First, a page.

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Collaboration key to beating the SMS scammers

03:00pm April 24 2023

Australians lost an estimated $3.1 billion to scams in 2022, according to the consumer watchdog ACCC. (Getty)

Impersonation scams, where the target is sent a text message that pretends to be from a legitimate company like a bank or telco, or even a family member, are becoming increasingly popular with criminals and a collaborative response is required to defend against them. 

That’s why Westpac welcomes the federal government’s announcement that it will allocate $10 million in the May budget to create a Sender ID registry for companies and agencies that send text messages. 

Reports of scam text messages increased by 19 per cent last year, according to the ACCC, and SMS is now a more common way for the scammer to contact their potential victim than a phone call. 

The latest initiative from government creates another brick in the wall of the nation’s defence against scams.  

Once the system is established, legitimate senders will be able to log their Sender ID with the registry. Telecom providers will then be able to block messages from impersonators trying to use that Sender ID.

Westpac has been working hard to stamp out impersonation scams. In 2022, we partnered with Optus to become the first private Australian business to block calls from scammers impersonating the bank.

More than 94,000 Westpac phone numbers have now been added to a ‘Do Not Originate’ list, which prevents scammers from impersonating Westpac numbers. The list is also shared with other carriers to extend the protection across different networks.

We have hundreds of experts working around the clock and invest heavily in technology to prevent and detect potential scams, but notably, the scam prevention activities of individual companies are strengthened when we’re all working together. 

That’s why bodies like the new National Anti-Scams Centre are vital to facilitate collaboration and coordination in real time across banks, telcos, social media companies, law enforcement and government. 

Criminals go where they see opportunity, so we need to work together to keep putting obstacles in their way to make it harder for them to commit their crimes in Australia. 

We’re making progress: Westpac is saving customers more than $215 million in potential scam losses annually through new functions such as Westpac Verify – which alerts customers if there is a potential account name mis-match for payments to a new BSB and account number. 

The bank detects and prevents around 60 per cent of all scams, and we continue to expand and enhance our detection and prevention capabilities.

But there’s always more to do, as demonstrated by the ACCC’s annual scams report, published in April, which showed Australians lost an estimated $3.1 billion to scams in 2022 – an increase of 80 per cent on the previous year.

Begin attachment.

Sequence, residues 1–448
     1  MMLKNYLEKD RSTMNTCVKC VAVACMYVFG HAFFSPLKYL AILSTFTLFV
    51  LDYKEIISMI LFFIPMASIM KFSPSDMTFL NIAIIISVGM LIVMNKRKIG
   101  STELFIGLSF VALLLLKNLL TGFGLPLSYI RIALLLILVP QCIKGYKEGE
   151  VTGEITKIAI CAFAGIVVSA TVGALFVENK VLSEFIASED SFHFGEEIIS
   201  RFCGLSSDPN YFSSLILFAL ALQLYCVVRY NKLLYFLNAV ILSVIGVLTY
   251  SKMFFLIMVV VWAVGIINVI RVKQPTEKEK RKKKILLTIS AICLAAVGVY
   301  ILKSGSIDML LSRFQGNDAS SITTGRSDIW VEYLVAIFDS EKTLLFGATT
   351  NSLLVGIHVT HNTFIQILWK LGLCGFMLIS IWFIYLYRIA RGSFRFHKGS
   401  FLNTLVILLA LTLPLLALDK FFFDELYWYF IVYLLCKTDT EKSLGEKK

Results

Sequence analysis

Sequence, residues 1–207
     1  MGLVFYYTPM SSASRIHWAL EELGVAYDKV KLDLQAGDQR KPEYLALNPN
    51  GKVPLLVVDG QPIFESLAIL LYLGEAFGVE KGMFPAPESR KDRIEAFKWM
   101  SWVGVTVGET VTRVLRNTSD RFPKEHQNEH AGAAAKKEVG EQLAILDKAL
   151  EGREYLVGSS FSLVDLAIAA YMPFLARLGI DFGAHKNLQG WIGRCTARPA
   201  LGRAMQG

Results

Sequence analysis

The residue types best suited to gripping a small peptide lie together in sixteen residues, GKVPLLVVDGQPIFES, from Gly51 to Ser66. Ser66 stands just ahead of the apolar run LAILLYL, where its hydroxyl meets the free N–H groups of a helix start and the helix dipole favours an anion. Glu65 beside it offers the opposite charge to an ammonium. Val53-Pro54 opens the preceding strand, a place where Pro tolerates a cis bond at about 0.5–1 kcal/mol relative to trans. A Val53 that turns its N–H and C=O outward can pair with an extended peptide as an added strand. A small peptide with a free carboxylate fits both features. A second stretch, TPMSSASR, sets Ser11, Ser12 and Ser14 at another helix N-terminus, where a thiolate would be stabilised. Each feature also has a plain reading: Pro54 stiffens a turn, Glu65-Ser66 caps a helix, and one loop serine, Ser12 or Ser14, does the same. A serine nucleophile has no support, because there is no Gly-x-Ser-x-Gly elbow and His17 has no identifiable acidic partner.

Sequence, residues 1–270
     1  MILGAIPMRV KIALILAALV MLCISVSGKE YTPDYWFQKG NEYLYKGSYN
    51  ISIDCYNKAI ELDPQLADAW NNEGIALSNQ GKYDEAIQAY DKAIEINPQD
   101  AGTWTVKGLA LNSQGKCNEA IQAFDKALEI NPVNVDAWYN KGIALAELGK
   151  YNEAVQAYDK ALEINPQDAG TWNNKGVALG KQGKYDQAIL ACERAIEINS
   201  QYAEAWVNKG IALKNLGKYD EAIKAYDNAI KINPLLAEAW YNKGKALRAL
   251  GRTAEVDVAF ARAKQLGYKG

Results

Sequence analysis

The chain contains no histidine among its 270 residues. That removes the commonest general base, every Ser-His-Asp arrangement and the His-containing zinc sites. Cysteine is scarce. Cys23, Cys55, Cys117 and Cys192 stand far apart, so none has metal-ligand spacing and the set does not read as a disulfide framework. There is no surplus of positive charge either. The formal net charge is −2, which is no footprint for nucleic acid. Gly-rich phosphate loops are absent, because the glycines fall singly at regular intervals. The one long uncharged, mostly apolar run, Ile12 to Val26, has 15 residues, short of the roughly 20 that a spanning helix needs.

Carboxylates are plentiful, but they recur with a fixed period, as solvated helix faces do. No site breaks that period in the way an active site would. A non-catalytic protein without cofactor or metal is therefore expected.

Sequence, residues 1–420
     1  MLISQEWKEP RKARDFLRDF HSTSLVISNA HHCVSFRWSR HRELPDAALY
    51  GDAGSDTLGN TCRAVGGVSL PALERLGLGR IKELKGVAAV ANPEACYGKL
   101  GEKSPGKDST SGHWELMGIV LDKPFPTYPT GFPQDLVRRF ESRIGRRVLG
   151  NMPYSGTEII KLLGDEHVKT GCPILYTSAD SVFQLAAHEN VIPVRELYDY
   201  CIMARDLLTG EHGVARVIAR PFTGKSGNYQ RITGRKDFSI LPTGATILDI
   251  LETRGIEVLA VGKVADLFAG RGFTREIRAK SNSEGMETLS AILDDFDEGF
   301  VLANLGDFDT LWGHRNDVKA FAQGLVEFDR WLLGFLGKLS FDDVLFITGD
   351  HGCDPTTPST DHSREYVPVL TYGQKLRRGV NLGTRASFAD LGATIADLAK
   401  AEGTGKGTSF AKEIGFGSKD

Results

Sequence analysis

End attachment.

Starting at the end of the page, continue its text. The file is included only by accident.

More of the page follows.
Harnessing technology to bolster our cyber defences has a key role to play, but just as important is raising awareness among the community about the risks and how to stay safe as we increasingly interact with companies and government services digitally.   

Our advice? Be wary of anyone asking you to share personal information (if in doubt, hang up and call back on a trusted, independently sourced number) and never provide personal details after clicking on a text message link. If this is a genuine request, the company should be supportive of you wanting to verify it.

Always do thorough due diligence on potential investments, and triple check payment details are legitimate before sending any money. And remember that banks will never ask you to transfer money to another account over the phone to ‘keep it safe’.

We look forward to working cooperatively with the Australian Communications and Media Authority on the development of the Sender ID Registry.

You can find out more about impersonation scams, and how to protect yourself from them, in this Scam Spot video from Westpac’s head of fraud and financial crime insights, Ben Young.  

Chris is General Manager, Financial Crime & Fraud Prevention at Westpac Group, with responsibility for the leadership and development of Westpac’s centralised 1st Line of Defence, Financial Crime capability. Prior to joining the Westpac Group, Chris was at KPMG for 30 years, being a partner for 18 years. Chris has diversified experience in the financial services industry across Asia, Australia, America and Europe having spent the last decade in Thailand and Hong Kong.

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